Je suis…qui? Mapping global terrorism

White supremacy. Islamic extremism. Christian fundamentalism. Racial hatred. These are some of the terms that come to mind in light of the high-profile terrorist attacks unfolding across the globe. Recent attacks in France and Germany suggest that violence is on the rise and media coverage is littered with new terror attacks every week.

There are often difficulties in trying to contextualise global terror attacks and their fatalities. On top of this, media bias is cited as a central roadblock to understanding the proportionality between the number of attacks taking place and the locations of victims. So two central questions are in need of addressing: has there been a spike in global terror attacks in 2016? And if so, where are most of the victims located?

There is no question that Europe is now facing a higher threat of Terrorism than in recent memory. In 2015, 175 people died as a result of terror attacks compared to less than ten fatalities in 2014. The attacks in Nice and Munich mean that 2016 is already set to be one of the most violent since 2004. It is entirely possible that terrorism related deaths in Europe this year might eclipse the number racked up in 1988 – Europe’s bloodiest year on record.

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Figure 1. Research carried out by the Institute for Economics & Peace finds that terrorist attacks in the last decade have been primarily politically motivated. The full report is available here.

In response to this the media has drawn parallels between the number of attacks in Europe and increased migration from the Middle East. Europe plays host to 10% of the world’s total refugees, which is the same percentage hosted in Pakistan alone. Lebanon – which is the size of U.K.’s Devon and Cornwall – shelters 1.5 million refugees in comparison to the 150,000 in Britain. Less than half a million of all refugees in Europe are Syrian and only 2,659 Syrians remain in the U.K.

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Figure 2. The BBC illustrates how the Syrian displacement looks across the Middle East, North Africa and Europe. View the original article here.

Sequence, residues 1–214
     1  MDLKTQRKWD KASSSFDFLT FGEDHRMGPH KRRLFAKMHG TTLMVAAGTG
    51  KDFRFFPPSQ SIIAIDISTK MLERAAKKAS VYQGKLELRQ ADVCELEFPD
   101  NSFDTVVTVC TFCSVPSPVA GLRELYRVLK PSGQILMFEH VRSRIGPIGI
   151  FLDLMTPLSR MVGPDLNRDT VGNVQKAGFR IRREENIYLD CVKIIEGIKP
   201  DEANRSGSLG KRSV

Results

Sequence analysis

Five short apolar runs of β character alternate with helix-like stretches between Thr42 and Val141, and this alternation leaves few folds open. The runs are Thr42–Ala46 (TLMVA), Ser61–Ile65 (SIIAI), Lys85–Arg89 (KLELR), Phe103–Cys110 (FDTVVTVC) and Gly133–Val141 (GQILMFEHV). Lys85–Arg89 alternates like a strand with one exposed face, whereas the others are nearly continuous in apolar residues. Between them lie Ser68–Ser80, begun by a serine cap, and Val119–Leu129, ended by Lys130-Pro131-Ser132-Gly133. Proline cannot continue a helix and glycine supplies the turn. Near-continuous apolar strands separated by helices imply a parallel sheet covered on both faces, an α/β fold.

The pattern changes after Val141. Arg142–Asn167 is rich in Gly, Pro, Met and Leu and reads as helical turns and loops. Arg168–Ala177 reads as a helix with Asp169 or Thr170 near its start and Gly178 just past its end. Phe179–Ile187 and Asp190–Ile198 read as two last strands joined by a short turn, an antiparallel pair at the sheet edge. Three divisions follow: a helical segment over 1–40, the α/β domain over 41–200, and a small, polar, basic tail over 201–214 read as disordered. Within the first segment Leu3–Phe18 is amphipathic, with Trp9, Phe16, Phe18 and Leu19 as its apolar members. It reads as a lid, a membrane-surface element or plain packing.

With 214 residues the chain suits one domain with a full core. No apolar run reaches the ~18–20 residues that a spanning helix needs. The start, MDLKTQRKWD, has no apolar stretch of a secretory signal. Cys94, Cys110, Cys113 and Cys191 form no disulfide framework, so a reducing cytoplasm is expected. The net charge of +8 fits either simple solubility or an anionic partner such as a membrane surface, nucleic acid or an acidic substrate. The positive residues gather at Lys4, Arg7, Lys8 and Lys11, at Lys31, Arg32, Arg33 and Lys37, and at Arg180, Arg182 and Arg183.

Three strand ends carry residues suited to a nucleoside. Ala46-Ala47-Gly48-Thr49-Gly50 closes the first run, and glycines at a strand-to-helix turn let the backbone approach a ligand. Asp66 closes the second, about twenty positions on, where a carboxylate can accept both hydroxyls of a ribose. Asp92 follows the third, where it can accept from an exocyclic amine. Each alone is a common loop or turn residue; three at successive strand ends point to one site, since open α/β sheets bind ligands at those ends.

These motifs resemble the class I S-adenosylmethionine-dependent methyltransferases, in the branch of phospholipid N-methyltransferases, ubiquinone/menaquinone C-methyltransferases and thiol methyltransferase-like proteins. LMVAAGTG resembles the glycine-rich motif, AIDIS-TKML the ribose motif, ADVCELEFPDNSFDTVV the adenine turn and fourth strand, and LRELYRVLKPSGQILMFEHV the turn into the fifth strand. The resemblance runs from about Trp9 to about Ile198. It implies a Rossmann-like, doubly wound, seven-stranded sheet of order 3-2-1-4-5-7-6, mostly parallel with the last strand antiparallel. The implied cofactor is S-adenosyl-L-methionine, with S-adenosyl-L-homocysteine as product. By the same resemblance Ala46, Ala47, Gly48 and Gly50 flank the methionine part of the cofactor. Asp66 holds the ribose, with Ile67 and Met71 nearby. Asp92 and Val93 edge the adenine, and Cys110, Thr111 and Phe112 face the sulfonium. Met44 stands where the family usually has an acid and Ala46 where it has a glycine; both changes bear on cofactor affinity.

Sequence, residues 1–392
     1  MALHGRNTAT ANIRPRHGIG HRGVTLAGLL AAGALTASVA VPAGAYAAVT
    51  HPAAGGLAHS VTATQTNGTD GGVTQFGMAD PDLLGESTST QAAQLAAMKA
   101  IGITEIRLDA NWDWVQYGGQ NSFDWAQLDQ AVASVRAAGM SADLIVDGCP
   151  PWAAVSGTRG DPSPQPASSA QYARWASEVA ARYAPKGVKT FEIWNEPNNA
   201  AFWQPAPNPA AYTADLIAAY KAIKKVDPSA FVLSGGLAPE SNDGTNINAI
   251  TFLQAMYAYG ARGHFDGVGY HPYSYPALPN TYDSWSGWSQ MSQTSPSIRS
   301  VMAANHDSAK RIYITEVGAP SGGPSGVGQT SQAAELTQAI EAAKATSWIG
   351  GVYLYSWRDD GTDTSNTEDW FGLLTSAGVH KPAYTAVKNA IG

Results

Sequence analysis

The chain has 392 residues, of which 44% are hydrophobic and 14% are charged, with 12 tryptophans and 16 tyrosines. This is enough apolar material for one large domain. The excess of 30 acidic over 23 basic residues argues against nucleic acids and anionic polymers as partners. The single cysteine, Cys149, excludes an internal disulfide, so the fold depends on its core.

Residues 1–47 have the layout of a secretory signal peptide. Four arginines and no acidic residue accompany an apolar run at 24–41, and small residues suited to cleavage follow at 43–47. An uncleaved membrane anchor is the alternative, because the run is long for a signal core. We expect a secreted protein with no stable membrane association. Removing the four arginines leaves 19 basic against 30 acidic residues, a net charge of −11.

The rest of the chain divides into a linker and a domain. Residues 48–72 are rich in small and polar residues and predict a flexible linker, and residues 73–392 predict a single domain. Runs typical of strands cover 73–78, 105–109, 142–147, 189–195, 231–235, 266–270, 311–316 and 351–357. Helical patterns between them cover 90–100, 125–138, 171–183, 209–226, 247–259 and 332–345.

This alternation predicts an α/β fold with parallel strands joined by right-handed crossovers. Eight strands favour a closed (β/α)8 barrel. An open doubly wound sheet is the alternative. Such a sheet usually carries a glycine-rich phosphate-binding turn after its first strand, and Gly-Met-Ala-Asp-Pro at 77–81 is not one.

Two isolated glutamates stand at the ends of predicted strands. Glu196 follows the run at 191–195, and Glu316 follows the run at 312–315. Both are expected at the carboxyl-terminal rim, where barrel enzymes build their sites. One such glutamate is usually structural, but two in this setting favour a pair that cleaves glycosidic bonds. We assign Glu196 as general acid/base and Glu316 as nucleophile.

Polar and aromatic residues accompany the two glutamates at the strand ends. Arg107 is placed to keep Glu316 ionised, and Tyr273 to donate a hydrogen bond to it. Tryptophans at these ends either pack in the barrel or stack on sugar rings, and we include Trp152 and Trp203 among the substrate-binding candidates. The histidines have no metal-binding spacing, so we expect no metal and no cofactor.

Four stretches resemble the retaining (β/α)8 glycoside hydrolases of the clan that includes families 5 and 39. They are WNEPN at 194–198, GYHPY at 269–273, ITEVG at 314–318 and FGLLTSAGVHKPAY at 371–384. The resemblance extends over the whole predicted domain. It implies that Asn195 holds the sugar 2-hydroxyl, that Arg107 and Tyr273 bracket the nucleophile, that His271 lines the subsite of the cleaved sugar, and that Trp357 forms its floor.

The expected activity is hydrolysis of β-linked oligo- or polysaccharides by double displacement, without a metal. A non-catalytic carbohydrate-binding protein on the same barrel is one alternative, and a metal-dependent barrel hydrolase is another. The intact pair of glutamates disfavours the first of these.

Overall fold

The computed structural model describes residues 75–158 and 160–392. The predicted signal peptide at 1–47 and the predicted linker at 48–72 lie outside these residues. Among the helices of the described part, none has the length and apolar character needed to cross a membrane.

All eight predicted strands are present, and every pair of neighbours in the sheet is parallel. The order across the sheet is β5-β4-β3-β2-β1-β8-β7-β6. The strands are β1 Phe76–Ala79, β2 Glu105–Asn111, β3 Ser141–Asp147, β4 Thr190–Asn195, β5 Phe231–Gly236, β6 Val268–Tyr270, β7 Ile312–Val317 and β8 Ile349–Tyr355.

At global level, The Economist reports that deaths from terror attacks have more than quadrupled between 2010 and 2014. The sharpest increases were in Iraq and Nigeria; the two countries now account for roughly half of all terror related deaths. This death toll coincides with the outbreak of civil war in Syria as well as the rise of ISIS in Iraq and Boko Haram in Nigeria. Muslims are the religious group most affected by terror attacks.

Supporting these statistics, research from the U.S. State Department illustrates that the ten countries to suffer the most terror attacks in 2015 were located in Africa, the Middle East and Asia. Iraq led the way again with 2,418 deaths followed by Afghanistan with 1,708 killings. U.S. forces began withdrawing from Afghanistan in 2014 after an 11 year war in the country.

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Figure 3. Total global terror attacks by country. The U.S state department discusses these statistics in a wide-ranging security report available here.

Naturally, threats of terrorism vary from state to state. Risk maps generated by private companies are often used in attempts to forecast the probability of attacks. But statistical analyses of global terror attacks tend to be problematic due to diverging figures on the topic. For example, according to one account there have been 1002 attacks across five major continents so far in 2016, killing a total of 8,469 people.

So if anything is clear it is that there has indeed been a substantial rise of terrorist attacks in the last few years. And whilst Europe is seeing renewed levels of violence, the most affected countries are still Iraq, Afghanistan, Nigeria and Syria.

For more information about global Terrorism visit the Terrorism Research & Analysis Consortium –